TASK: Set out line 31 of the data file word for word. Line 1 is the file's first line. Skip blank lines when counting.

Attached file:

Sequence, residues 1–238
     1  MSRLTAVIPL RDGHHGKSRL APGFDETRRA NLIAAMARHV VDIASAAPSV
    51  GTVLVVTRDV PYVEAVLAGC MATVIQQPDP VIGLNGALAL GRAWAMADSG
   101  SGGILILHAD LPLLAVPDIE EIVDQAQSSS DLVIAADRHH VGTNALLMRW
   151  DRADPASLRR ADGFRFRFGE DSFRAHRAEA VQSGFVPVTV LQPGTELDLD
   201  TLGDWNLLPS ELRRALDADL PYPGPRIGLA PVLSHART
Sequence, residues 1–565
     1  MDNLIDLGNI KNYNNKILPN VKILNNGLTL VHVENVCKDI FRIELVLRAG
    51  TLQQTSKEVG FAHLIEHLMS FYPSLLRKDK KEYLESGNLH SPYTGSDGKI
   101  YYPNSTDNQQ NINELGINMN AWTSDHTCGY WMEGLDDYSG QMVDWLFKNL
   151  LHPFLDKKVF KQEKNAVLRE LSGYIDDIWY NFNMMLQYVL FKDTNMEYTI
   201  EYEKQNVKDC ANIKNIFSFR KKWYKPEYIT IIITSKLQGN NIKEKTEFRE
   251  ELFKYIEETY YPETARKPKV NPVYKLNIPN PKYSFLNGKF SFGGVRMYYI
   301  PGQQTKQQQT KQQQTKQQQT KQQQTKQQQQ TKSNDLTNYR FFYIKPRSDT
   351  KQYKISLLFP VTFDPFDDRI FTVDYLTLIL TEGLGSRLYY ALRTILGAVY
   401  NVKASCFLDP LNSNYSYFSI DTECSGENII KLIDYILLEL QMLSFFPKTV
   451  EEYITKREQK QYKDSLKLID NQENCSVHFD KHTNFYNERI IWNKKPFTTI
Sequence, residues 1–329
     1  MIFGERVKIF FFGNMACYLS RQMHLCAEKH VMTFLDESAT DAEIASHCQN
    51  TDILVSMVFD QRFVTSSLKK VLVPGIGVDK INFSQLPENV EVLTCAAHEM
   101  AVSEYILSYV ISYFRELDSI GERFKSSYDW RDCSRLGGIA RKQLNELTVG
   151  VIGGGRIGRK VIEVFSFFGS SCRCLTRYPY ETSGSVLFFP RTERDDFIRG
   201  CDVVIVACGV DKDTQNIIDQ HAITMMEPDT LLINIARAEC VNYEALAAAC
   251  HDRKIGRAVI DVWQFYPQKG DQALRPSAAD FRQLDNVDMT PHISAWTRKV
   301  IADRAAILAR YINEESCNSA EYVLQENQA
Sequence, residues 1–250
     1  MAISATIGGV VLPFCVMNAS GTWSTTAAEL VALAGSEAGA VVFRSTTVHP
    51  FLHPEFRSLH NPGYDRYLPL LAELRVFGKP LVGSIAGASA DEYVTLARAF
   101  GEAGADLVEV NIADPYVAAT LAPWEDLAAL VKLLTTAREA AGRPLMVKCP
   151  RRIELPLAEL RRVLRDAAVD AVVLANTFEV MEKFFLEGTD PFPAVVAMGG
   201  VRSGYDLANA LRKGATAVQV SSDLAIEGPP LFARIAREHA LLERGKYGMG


   201  VRSGYDLANA LRKGATAVQV SSDLAIEGPP LFARIAREHA LLERGKYGMG